Probate Law in England and Wales.
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When a person dies, under probate law, someone has to deal with their financial and property affairs. This is called ‘administering the estate’.
If the person who has died leaves a valid Will
If the person who has died leaves a valid Will, it should name one or more people to act as the executors. Their job is to administer their estate, unless they turn down the appointment (which is usually unpaid if they are not probate professionals.)
If you are named as an executor of a Will you may need to apply for a grant of probate in order to release the assets so you can pay the debts.
Probate Law UK.
A “grant of probate” is an official document issued by the High Court via the Probate Registries which the executors may need to administer the estate.
If there is no valid Will.
If there is no Will (known as dying “intestate”) the process of probate law becomes more complex. The executors have to apply for a “grant of letters of administration” (equivalent to the “grant of probate above.”) More on the Rules of Intestacy HERE.
The person to whom letters of administration is granted is known as the administrator under probate law and he / she / they has the legal right to deal with the affairs of the person who has died. Who will be able to apply to become the administrator is determined by probate law. The administrator will usually be a close relative of the person who has died. There may be more than one person who has an equal right to do this. In some cases, if no other entitled person will act, creditors can take on the role.
Legal terms in Probate Law.
Personal representatives (PRs.)
Are the executors or administrators under probate law. If there is more than one personal representative they must work together to decide matters between them. Disagreements between personal representatives can cause expensive delays.
Grants of representation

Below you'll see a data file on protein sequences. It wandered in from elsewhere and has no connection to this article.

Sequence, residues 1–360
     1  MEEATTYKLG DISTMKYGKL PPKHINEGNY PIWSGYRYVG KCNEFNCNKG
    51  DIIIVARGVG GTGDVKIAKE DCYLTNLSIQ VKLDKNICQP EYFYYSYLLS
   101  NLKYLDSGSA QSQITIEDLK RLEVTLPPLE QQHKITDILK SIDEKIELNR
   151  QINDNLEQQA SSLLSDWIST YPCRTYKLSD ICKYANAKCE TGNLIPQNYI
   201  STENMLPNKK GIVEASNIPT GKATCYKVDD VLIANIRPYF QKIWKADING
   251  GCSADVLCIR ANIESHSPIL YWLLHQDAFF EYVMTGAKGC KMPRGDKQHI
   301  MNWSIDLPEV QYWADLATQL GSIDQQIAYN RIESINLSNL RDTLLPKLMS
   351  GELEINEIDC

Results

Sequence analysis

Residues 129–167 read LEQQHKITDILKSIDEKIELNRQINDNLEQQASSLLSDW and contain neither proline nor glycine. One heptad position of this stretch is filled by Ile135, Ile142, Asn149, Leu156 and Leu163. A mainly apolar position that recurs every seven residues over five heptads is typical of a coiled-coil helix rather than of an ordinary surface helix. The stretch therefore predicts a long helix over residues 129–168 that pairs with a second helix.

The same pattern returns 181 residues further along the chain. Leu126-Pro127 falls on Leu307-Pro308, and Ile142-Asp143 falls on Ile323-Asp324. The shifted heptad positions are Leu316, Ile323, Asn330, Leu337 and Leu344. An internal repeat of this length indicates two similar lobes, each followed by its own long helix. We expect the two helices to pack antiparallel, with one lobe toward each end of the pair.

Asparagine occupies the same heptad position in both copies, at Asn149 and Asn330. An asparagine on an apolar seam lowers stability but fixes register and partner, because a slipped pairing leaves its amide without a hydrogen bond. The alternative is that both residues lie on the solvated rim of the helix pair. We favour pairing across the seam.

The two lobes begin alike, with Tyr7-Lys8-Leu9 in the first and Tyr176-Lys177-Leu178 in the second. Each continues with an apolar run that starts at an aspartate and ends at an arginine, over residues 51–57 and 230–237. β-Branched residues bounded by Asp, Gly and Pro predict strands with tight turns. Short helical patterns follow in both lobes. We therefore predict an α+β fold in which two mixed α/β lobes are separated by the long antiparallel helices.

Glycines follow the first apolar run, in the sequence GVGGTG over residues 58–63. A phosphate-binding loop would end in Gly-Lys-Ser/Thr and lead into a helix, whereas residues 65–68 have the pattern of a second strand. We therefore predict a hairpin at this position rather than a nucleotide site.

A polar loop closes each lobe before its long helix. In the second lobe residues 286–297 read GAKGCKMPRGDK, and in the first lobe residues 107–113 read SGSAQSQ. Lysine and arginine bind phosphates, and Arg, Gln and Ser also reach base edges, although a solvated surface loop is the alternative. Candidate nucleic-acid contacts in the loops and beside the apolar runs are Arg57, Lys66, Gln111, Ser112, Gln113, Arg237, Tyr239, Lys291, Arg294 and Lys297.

Is a generic term which includes grants of probate (when there is a valid Will) and grants of letters of administration (no Will). Often people just refer to probate even if there is no Will.
When a grant of representation is needed
A grant of representation is not always needed, for example, if the person who died:
- has left less than £5000 in total; or
- owned everything jointly with someone else.
However, some banks or insurance companies may require a grant before giving you access even to a small amount of money
Usually, a grant of representation will be needed when the person who has died left:
- more than £5000;
- stocks or shares;
- a house or land; or
- certain insurance policies.
- You can ask us to apply for the grant of representation on your behalf.
How to get a grant
You can also apply for a grant in person at:
- the Principal Registry (Family Division) at the London Probate Registry
- a district probate registry in cities and many large towns
- CONTACT DETAILS HERE
If you apply in person, you will normally have to go for an interview at the registry and fill in an application form and a tax form. There is a fee for this. If you use us, you can avoid the need to attend for an interview, which is a major benefit unless you happen to live close to one of the remaining Probate Registries. Sub Registries seem to be closing pretty rapidly, sadly, vastly increasing the distances involved.
Responsibilities of personal representatives
Personal representatives must ensure that the estate is administered correctly and they remain personally liable if they do not. If there is a Will, the personal representative must make sure that the wishes of the person who has died, as set out in their Will, are followed. If there is no Will, you must follow the strict rules of intestacy (set out in the Administration of Estates Act 1925). Contact us for low cost guidance.
Personal representatives are also responsible for finding out if inheritance tax is due as a result of a person’s death. If it is, the personal representative has to make sure that it is paid. Whether inheritance tax needs to be paid can depend on:
- how much the property and belongings of the dead person were worth when they died;
- the value of any gifts that they gave before they died, and who they gave these gifts to;
- the value of certain trusts from which the dead person benefited; or
- which people benefit under the Will or under the rules of intestacy (the beneficiaries).
Wikipaedia on Probate Law in the UK (and elsewhere)
Probate Law UK